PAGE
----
‘The Stranger’ (1971) is representative of Simmel’s broader thesis that forms found in social reality are never pure. As Coser states, ‘[T]o Simmel… every social phenomenon contains a multiplicity of formal elements. Cooperation and conflict, subordination and superordination, intimacy and distance all may operate in a marital relationship or in a bureaucratic structure (1977:181).
Max Weber was also fully aware of the power of ‘the stranger’ social type in noting the importance of “wandering handicraft apprentices” as missionaries of every mass congregational religion. In the case of Christianity, this was evident in its extraordinary rapid expansion “across the tremendous area from the orient to Rome in just a few decades” (Weber 1963:100). Weber’s more significant contribution, however, is found in his theory of charisma. I noted earlier that Dodge (1985:33) briefly references Katz’s (1975) argument that deviance and charisma are “two sides of the one moral coin” (Katz 1975:1384). This proposition emerges from the interactionist perspective that Katz utilises, where charisma and deviance are dualistically considered, deviance defined as inferior and charisma as superior (Katz 1975:1375). Charismatic authority, however, does not simply hold a positive relation to societal norms. Weber’s emphasis is on its oppositional nature, especially in relation to economic matters and legal-rational authority. Weber states:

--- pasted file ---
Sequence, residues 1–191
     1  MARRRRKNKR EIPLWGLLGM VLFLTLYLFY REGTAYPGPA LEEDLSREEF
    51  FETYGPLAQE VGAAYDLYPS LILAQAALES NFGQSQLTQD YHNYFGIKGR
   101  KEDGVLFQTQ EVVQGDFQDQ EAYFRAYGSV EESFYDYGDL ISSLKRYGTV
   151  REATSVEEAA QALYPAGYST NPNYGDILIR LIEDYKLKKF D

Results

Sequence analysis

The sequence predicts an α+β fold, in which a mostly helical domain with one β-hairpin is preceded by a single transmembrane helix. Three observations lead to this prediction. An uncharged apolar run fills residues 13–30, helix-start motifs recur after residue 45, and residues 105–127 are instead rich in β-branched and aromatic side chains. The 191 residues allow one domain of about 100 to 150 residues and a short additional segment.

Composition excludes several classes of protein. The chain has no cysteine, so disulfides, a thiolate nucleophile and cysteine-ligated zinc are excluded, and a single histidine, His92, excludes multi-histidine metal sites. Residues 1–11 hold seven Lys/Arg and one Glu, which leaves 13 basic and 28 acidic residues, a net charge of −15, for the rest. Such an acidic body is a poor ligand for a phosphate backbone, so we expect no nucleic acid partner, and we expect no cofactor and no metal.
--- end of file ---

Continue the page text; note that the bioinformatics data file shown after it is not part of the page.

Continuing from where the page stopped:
[I]n contrast to all patriarchal forms of domination, pure charisma is opposed to all systematic economic activities, in fact, it is the strongest anti-economic force, even when it is after material possessions, as in the case of the charismatic warrior… In order to live up to their mission the master as well as his disciples and immediate following must be free of the ordinary worldly attachments and duties of occupational and family life. Those who have a share in charisma must inevitably turn away from the world… Whether it is more active or passive, this recognition derives from the surrender of the faithful to the extraordinary and unheard-of, to what is alien to all regulation and tradition and therefore is viewed as divine- surrender which arises from distress or enthusiasm… It’s “objective” law flows from the highly personal experience of divine grace and God- like heroic strength and rejects all external order solely for the sake of glorifying genuine prophetic and heroic ethos. Hence, in a revolutionary and sovereign manner, charismatic domination transforms all values and breaks all traditional and rational norms: “It has been written…, but I say unto you…”. (1968: 1113-15) (emphasis added).